RE-FACTOR THIS: Progressive think tank The Century Foundation (TCF) offers thoughtful caution to the US Department of Education as it considers extending federal aid eligibility to coding bootcamps, whose students are not currently eligible for federal Pell Grants or student loans. The DoE's intent is to make these "trade schools for the digital age" accessible to low-income and minority students, and in doing so give them a roadmap to high-paying, high-tech jobs.
But TCF's Robert Shireman makes a compelling case for moving slowly and carefully in the hopes of avoiding an onslaught of overpriced, poor quality programs like some that have marred the for-profit college sector. Specifically, the DoE should take steps to protect students from potential pop-up coding shops chasing low-income students flush with federal dollars. Just as for-profit colleges must abide by the 90-10 rule, programming academies should be required to ensure a portion of their students are paying their own way. As for the DoE's desire for standardized assessments? TCF prefers instead to have every graduates' project work—an authentic demonstration of their coding skills and creativity—made publicly available for both potential students and employers to assess. Now that's a smart, practical idea if ever we've heard one.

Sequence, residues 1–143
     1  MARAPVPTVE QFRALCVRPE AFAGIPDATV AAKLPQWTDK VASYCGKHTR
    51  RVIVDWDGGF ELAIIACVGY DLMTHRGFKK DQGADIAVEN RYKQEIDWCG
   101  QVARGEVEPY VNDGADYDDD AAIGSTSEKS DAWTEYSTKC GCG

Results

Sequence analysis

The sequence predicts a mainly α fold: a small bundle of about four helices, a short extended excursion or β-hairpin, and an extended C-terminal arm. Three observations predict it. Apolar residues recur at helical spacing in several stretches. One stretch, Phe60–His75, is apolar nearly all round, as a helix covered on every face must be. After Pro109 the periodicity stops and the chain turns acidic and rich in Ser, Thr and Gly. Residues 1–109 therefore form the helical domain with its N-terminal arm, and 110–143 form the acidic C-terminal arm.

It is worth remembering that the for-profit college scandal, which is still in the process of being cleaned up, began as a noble effort to allow companies to gain access to federal funds only if they ran innovative training programs that led to good jobs.
With that in mind, policy makers would be wise to heed TCF's sound advice. Have your own suggestions? Send them straight to the DoE.